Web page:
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  25. 25
    070052

    Expanded Programme on Immunization. Programme review. Bhutan. Programme Elargi de Vaccination. Examen du programme, Bhoutan.

    Bhutan; World Health Organization [WHO]; UNICEF

    Weekly Epidemiological Record / Releve Epidemiologique Hebdomadaire. 1986 Jan 24; 61(4):21-3.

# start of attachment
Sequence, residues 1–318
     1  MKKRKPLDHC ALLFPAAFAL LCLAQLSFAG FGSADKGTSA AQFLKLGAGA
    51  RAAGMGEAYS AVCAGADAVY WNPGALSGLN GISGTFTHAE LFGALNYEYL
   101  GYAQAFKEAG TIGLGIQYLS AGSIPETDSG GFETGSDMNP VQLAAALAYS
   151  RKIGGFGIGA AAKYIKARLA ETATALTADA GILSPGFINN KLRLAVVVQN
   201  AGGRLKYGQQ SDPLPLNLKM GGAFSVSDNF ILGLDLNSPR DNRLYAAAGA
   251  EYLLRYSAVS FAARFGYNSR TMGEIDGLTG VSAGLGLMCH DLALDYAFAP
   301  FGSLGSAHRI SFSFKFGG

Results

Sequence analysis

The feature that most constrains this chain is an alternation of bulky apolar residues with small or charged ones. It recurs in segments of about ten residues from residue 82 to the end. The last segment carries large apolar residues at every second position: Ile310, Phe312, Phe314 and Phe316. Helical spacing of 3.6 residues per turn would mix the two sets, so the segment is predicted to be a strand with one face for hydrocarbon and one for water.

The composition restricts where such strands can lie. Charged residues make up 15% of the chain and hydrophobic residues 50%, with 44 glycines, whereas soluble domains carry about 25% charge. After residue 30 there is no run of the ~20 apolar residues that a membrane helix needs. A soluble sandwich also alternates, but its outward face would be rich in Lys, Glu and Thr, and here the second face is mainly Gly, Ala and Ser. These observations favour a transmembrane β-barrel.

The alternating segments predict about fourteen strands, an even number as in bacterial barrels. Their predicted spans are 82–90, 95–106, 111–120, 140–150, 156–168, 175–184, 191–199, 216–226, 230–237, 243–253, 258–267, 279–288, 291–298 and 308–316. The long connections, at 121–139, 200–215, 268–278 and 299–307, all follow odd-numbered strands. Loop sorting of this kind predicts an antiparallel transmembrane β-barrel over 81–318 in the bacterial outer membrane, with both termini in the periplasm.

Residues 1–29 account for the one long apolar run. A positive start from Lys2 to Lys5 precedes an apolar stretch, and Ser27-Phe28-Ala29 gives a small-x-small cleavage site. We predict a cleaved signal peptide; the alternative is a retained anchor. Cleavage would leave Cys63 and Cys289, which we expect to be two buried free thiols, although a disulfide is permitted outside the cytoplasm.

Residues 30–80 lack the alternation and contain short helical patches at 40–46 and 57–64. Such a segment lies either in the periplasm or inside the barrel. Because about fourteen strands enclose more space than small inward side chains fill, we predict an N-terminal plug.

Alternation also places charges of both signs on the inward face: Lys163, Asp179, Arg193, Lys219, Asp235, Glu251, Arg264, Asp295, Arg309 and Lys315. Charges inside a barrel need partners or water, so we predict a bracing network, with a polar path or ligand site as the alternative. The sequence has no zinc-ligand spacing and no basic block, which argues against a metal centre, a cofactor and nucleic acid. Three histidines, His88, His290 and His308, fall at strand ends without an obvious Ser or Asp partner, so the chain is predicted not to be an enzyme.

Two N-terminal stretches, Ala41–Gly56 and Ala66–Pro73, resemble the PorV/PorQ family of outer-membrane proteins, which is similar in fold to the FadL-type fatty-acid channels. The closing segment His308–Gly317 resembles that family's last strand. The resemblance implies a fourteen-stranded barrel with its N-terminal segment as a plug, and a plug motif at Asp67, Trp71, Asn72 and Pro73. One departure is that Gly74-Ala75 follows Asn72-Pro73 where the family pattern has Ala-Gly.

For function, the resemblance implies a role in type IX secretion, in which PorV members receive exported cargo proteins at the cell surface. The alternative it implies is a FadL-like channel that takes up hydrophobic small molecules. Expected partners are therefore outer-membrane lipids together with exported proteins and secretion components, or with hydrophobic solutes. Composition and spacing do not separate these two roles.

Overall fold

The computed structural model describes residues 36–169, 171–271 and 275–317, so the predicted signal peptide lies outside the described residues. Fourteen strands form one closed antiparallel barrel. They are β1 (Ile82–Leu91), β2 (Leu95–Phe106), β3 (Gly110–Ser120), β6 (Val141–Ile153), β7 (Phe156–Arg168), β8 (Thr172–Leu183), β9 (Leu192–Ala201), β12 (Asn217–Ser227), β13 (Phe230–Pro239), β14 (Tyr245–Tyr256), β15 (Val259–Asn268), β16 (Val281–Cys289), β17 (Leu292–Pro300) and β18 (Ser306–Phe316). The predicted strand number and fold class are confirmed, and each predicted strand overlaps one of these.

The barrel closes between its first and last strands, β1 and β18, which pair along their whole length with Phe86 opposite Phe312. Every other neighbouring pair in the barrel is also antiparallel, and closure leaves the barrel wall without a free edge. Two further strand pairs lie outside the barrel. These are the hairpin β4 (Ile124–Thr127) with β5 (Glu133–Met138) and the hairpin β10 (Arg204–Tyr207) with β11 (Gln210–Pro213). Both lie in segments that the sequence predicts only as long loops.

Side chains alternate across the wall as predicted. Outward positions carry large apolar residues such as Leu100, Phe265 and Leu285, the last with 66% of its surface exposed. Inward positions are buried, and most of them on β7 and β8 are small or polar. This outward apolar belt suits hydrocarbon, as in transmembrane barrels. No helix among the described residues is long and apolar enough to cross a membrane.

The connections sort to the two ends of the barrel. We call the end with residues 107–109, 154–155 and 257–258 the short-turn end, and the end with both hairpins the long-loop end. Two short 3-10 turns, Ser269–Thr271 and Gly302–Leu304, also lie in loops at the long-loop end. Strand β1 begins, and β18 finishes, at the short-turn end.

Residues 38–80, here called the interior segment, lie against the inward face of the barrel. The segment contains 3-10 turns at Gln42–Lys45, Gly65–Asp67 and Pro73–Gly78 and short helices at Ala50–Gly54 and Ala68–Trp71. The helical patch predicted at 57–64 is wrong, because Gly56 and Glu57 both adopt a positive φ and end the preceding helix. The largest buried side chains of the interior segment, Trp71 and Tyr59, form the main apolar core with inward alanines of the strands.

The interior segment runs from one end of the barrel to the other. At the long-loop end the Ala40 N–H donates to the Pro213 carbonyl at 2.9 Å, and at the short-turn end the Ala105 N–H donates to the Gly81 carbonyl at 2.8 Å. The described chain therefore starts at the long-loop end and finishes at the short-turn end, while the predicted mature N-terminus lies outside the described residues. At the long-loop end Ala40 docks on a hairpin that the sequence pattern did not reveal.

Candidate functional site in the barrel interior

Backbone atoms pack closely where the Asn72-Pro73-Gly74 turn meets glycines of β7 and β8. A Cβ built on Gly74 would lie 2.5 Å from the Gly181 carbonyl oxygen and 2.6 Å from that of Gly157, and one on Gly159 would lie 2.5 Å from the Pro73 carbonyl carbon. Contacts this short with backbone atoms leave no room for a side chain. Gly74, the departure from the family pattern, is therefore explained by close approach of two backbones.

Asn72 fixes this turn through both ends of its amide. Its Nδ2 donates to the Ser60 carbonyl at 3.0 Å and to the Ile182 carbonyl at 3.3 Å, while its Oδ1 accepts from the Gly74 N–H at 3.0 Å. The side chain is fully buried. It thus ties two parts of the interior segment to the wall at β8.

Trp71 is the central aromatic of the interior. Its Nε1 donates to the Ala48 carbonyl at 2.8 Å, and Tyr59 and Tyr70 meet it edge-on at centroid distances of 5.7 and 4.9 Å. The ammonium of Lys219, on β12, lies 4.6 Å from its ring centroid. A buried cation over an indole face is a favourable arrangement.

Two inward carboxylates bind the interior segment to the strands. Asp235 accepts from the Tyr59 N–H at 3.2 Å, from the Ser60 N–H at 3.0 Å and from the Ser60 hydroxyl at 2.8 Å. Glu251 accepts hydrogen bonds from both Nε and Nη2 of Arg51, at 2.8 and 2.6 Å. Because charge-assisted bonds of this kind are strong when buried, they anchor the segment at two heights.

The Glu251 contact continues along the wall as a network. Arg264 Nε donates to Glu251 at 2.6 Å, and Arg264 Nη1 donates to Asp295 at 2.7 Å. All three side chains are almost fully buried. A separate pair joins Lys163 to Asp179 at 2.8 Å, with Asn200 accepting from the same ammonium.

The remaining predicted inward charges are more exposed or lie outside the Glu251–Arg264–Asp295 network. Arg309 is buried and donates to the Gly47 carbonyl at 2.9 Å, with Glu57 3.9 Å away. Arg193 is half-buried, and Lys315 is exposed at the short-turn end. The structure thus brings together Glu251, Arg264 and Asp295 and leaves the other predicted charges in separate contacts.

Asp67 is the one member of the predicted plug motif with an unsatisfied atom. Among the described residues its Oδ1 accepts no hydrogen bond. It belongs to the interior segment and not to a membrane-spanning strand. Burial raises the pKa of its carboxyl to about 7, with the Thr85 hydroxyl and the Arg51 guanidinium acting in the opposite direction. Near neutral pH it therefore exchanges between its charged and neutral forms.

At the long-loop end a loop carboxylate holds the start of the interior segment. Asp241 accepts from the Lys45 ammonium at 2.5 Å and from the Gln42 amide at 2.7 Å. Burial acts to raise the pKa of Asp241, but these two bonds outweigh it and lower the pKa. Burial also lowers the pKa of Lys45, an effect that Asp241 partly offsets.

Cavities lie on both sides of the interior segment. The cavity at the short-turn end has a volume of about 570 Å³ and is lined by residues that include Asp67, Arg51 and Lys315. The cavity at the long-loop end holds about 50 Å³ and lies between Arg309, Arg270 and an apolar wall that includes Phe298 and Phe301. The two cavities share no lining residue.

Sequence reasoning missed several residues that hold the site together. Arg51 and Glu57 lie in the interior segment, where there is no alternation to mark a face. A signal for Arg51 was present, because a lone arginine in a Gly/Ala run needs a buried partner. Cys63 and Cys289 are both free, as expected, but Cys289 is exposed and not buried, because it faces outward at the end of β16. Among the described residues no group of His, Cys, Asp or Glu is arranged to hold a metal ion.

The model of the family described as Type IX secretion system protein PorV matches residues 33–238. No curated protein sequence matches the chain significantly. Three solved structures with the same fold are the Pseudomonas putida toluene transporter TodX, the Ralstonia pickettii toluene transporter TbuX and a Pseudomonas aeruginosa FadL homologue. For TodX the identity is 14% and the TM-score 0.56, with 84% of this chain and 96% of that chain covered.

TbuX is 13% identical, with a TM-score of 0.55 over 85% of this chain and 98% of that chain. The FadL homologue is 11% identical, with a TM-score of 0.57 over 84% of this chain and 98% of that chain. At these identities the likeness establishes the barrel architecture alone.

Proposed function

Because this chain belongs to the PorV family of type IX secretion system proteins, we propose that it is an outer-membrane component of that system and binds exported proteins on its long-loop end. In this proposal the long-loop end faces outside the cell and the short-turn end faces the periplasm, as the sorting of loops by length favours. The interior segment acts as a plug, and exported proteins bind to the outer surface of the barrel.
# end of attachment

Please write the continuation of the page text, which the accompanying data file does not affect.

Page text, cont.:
The Expanded Programme on Immunization (EPI) in Bhutan began in 1979. A strong and effective management team expanded EPI to 17 of 18 districts by 1985. A team reviewed it and other primary health care activities such as the control of diarrheal disease program between in 1985. EPI and maternal and child health (MCH) activities were integrated fully. The EPI/MCH program had moved towards decentralization to improve program management and understanding of local needs. It used 1 chart to monitor growth monitoring and to record immunizations. Team members conducted a survey in Chirang District. EPI leaders had introduced a consistent system for reporting immunization doses. Despite the problems with the Himalayas and poor communications and transport systems, EPI established a well operated cold chain. Only 13% of children were fully immunized. Just 20% had been immunized with all 3 doses of diphtheria/pertussis/tetanus/polio vaccine. Further 53% had received no immunizations at all. Moreover drop out rates stood about 50%. Nevertheless measles coverage was 1 of the highest in the WHO Southwest Asia Region (24%). Most children received their immunizations at outreach clinics rather than basic health units or hospitals. 29% of mothers whose children were not fully immunized did not know about the need for immunization while 10% said the location for immunizations was too far to travel. The estimated annual diarrhea rate for <5 year old children was 4.1 episodes/child. 41% of children had a diarrheal episode 2 weeks before the survey. 20% of children with diarrhea received oral rehydration solution. 91% of mothers delivered at home with no assistance from a health worker or a traditional birth attendant. 97% of the children were breast fed for at least 1 year. In conclusion, the EPI/MCH program must increase immunization coverage and reduce drop out rates.